The Best Way to Commute: Hardly At All
My friend, Jane, isn’t thrilled with her new job. Despite the great experience she’s getting, she’s not at all using her degree in (or satisfying her passion for) Public Relations. But that’s not the issue.
The reason Jane hates her job is the nearly one-hour commute required to get there (one way, without traffic). If there’s a sports game with a post-workday start time, forget it. What I find most unfortunate about this situation, though, is not that the commute is long, but that she spends those two hours driving. No Kindle-reading or Sudoku-playing to entertain her. No zoning out.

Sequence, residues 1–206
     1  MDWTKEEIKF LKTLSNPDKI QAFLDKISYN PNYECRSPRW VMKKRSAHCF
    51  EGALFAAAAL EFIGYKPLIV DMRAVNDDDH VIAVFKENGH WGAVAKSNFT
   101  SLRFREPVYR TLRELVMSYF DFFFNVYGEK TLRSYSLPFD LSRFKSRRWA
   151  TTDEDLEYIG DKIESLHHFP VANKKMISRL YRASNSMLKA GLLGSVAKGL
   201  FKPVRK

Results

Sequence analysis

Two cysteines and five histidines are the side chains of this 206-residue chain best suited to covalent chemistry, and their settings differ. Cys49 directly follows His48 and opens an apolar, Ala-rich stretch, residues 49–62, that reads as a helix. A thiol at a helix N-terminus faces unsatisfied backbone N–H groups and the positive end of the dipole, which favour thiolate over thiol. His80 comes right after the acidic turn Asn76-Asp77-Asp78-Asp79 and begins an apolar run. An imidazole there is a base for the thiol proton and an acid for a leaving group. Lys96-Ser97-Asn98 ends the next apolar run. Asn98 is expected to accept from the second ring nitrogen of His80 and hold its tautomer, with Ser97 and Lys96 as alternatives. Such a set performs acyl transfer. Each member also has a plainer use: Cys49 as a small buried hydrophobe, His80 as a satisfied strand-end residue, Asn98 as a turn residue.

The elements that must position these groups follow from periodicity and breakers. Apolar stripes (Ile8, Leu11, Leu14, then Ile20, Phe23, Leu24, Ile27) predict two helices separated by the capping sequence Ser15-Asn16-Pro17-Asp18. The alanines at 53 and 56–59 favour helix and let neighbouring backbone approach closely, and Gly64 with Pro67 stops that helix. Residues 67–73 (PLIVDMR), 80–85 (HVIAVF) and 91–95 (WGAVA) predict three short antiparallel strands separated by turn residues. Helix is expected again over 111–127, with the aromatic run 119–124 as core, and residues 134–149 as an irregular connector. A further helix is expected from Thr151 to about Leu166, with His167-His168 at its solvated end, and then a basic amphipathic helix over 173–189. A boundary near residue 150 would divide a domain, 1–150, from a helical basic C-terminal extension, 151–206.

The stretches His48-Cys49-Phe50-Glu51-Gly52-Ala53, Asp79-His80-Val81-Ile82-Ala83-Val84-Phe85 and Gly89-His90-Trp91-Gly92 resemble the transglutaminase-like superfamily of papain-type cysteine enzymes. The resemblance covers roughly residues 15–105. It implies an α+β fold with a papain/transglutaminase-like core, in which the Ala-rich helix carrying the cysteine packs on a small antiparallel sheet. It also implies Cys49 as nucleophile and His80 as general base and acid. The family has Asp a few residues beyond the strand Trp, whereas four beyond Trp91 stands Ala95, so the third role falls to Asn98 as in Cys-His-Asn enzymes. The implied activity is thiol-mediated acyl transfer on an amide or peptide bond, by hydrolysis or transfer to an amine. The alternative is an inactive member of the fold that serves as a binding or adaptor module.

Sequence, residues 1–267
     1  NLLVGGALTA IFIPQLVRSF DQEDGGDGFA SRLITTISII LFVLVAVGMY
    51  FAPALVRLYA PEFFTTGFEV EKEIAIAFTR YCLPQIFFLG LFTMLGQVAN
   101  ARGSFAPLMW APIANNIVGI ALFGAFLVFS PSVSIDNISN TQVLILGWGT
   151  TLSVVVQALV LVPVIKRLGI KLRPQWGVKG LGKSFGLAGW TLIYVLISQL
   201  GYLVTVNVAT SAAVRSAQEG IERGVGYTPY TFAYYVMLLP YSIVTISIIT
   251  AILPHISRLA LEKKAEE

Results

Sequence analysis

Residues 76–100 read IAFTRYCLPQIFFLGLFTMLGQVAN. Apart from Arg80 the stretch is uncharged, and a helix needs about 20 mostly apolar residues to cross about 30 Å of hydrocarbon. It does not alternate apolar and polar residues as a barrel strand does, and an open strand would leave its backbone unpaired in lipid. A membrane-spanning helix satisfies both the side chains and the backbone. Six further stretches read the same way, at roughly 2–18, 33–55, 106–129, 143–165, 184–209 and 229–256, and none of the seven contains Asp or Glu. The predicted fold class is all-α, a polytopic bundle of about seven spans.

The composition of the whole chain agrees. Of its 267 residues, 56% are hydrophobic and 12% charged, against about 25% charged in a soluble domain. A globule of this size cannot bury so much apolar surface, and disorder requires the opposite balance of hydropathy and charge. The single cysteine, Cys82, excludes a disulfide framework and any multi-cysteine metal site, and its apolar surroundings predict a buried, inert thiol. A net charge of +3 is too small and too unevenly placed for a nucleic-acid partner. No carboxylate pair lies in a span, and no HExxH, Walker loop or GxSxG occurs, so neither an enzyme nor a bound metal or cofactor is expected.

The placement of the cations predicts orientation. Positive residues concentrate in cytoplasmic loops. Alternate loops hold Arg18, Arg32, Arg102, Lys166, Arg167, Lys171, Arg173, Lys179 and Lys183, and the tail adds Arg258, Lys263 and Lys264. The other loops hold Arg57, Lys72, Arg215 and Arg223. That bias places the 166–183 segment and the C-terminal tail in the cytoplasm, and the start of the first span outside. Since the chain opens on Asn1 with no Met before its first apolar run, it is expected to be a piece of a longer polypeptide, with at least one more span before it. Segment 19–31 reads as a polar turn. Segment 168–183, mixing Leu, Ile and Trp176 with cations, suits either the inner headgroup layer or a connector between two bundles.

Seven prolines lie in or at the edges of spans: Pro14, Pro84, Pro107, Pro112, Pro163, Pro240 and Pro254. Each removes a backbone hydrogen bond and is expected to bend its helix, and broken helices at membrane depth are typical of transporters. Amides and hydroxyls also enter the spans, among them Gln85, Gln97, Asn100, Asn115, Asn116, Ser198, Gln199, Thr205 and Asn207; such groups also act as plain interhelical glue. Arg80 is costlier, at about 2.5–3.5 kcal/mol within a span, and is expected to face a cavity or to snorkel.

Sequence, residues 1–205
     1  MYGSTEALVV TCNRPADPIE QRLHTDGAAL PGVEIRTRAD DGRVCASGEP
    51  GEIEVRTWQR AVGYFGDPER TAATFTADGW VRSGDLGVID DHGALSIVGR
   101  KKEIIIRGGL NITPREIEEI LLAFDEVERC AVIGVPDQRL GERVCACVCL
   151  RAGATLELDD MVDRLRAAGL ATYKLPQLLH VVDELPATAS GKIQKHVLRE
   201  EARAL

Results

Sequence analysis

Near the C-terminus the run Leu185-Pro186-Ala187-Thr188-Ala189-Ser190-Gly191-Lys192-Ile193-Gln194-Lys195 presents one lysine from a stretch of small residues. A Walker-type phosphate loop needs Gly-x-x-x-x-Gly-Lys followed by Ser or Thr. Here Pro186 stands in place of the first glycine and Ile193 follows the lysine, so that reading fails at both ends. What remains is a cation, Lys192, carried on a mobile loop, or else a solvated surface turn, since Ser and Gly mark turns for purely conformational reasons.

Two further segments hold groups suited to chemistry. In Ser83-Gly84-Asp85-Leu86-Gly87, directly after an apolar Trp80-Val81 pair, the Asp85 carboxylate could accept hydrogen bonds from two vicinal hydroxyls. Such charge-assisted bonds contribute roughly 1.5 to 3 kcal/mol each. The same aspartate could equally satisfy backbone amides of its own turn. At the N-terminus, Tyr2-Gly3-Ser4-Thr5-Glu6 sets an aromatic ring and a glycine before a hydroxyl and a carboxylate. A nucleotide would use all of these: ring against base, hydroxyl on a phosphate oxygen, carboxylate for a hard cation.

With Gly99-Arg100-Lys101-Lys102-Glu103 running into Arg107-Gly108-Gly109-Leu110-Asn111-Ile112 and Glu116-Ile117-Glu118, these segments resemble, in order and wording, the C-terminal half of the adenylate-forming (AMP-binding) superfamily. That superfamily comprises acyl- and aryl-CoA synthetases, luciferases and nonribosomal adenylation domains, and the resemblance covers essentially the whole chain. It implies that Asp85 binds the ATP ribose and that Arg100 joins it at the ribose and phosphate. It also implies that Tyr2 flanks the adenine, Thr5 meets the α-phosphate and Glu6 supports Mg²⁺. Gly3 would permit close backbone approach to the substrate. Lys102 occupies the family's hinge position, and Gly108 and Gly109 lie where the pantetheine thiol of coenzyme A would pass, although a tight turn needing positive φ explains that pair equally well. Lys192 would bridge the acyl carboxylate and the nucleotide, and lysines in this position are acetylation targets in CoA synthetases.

It seems that the vast majority of my friends (most of whom live in Philadelphia) can walk, bike, take the subway, or ride a bus to work. Perhaps that’s why I’m so baffled by Jane’s commute. When digging a little deeper into the topic of commuting, however, I quickly learned that Jane’s not at all alone. According to this U.S. Commuting Statistical Analysis, out of the 128.3 million commuters in the U.S., a full 88.6 percent either drive alone or carpool.
In short, Jane’s commute isn’t that insane; in fact, it’s more normal than mine. But I wouldn’t trade my five-block commute for hers any day, at least not without a major raise and a hefty collection of books on tape.